I’m currently playing fantasy baseball for the first time in five years, and I gave it up for a reason. Not only is it just a meaningless hobby that I do in my spare time, but it can also be a miserable, soul-crushing experience. It’s a lot of work preparing for your draft, then drafting completely on the fly because your plans go awry, and then spending the next six months making sure you remember to set your lineups for the next day every night before you go to bed. It was too just too exhausting for me, especially when my team was terrible.
So I ditched fantasy baseball and just stuck to fantasy football for a few years. Much more laid back, and much easier to keep up with. I usually played in just one league with a group of friends each year, but then I started enjoying it so much that a few years ago, I decided to expand my horizons and join three different leagues.
(I know that’s probably nothing for some of you, but for me, that’s a truck load of fantasy leagues.)
And you know what happened? I got burnt out on fantasy football too. So I swore off fantasy sports entirely for about a year, then I realized that I missed it. As frustrating and exhausting as it can be, it’s also addicting. Once you’ve done it once, it’s darn near impossible to give it up forever. When I have kids in the future, I’m going to make sure they know two things: never do drugs, and never play fantasy sports. Both of them will ruin your life.
So anyway, I got sucked back into the whole idea, and I even decided to give fantasy baseball another try. Now that I spend most of my time writing, I’m home a lot more often and have had extra time to commit to my fantasy team. I set my lineups every night, I follow the games throughout the day to see how my players are doing, and I’ve rediscovered just how much fun the whole experience is.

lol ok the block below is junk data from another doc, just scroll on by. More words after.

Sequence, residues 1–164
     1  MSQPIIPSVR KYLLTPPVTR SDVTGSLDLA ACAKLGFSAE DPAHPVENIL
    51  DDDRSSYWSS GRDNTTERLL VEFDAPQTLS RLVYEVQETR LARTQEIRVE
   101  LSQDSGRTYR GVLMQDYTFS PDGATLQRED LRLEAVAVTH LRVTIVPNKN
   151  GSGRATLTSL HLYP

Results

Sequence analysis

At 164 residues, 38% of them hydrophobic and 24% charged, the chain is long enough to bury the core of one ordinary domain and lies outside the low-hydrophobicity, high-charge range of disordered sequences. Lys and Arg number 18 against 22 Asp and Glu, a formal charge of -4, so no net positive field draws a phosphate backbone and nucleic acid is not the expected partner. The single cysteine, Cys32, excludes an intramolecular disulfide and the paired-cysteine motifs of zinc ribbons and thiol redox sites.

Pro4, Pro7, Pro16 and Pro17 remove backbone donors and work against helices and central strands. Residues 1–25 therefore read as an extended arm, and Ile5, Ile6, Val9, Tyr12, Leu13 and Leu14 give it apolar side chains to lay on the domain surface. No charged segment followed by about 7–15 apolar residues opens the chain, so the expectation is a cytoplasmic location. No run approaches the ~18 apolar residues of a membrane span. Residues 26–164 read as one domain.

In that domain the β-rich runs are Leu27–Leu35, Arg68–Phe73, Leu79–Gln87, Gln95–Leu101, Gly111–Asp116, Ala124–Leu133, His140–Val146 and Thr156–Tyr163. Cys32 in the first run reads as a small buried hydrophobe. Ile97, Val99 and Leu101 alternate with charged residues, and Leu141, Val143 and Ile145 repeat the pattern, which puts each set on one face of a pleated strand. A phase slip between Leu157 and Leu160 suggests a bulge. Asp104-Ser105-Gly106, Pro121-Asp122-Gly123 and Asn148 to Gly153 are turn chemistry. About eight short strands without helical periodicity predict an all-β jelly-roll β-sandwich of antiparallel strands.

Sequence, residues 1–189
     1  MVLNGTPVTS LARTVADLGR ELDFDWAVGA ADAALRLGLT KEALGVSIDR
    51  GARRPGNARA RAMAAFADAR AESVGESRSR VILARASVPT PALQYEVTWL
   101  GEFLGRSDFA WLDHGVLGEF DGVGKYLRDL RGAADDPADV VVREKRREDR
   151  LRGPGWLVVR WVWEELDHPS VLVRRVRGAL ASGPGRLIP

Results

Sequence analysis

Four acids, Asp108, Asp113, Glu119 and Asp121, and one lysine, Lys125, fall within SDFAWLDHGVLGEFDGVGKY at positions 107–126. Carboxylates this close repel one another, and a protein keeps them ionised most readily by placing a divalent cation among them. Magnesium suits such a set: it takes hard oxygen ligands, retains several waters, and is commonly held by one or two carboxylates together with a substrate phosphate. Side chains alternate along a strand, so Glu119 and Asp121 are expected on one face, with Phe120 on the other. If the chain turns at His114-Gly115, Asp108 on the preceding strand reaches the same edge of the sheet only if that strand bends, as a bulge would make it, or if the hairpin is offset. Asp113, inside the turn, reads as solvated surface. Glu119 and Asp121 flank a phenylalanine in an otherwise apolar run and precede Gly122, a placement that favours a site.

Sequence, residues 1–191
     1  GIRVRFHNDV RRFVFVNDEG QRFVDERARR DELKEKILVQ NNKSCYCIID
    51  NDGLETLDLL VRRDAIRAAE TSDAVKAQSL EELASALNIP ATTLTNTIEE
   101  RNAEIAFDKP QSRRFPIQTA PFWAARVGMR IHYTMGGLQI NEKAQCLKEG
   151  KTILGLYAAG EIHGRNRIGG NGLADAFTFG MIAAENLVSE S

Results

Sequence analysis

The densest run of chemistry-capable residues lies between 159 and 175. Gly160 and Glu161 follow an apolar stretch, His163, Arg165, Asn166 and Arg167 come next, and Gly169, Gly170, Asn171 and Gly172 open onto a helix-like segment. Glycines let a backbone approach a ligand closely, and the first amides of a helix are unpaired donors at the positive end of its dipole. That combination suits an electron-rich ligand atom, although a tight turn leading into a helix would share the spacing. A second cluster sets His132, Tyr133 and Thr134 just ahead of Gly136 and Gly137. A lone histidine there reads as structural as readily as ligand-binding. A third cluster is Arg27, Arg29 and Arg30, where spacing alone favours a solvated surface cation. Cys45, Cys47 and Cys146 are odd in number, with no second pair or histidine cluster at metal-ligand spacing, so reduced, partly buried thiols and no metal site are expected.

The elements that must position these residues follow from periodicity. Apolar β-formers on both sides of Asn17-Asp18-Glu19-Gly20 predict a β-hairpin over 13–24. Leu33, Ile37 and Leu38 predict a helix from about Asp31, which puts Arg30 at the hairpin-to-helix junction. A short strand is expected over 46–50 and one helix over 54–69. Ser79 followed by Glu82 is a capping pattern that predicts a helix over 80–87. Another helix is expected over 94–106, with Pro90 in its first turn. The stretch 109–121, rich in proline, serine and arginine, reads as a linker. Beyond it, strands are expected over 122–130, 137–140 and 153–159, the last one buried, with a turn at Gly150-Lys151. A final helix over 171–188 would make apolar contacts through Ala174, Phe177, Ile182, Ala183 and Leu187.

But at the same time, my team is teetering on the edge. I’ve spent the last month scratching and clawing to stay above the .500 mark. In a way, this is a good thing, because it’s kept me active and interested. I’m constantly making new additions to my team, picking up unsigned players who are in a groove, cutting players who are slumping, the whole shebang. Whatever I have to do to stay above .500 and keep my season alive.
My most recent move to keep the Stallions afloat was by adding Red Sox pitcher Eduardo Rodriguez. As any fantasy baseball nut knows, your starting pitchers are the players that can make or break your team, so I’ve always chosen my starting pitchers very carefully. On draft day, I handpicked both Chris Sale of the Red Sox and Luis Severino of the Yankees – two of the most dominant starters in the American League, and plus the whole Red Sox-Yankees thing adds a fun little wrinkle.
But it was time for some new blood, if nothing else, to shake up the team a little bit. So I added E-Rod, who has been in a nice little groove on the mound lately, with the hope that he can give the Stallions the extra push they need to get over the .500 hump. On Wednesday night, Rodriguez made his first official start as a member of my fantasy team. My nerves were completely out of control, because I was almost positive that I inadvertently cursed him by adding him to my team.
But fortunately, E-Rod was still riding his hot streak. He tossed 5.2 innings against the Tigers at Fenway Park, holding them to just one run on five hits with five strikeouts. He’s not a guy that is going to pitch deep into ballgames, but for the Red Sox, that’s not really something they need from their No. 4 starter. They just need a guy that can go out there and put the bullpen in position to finish the job.
Rodriguez did that for the Sox on Wednesday, as they beat the Tigers 7-1 to maintain their one-game lead on the Yankees in the AL East. And in the process, E-Rod also garnered 19 fantasy points for the Stallions – enough points to get the win for the day and give them a sizeable lead for the week.
For the time being, it looks like picking up Rodriguez wasn’t a bad decision. If he can turn in a couple more starts like this, he might just help get the Italian Stallions back into contention.
No pressure, E-Rod. No pressure.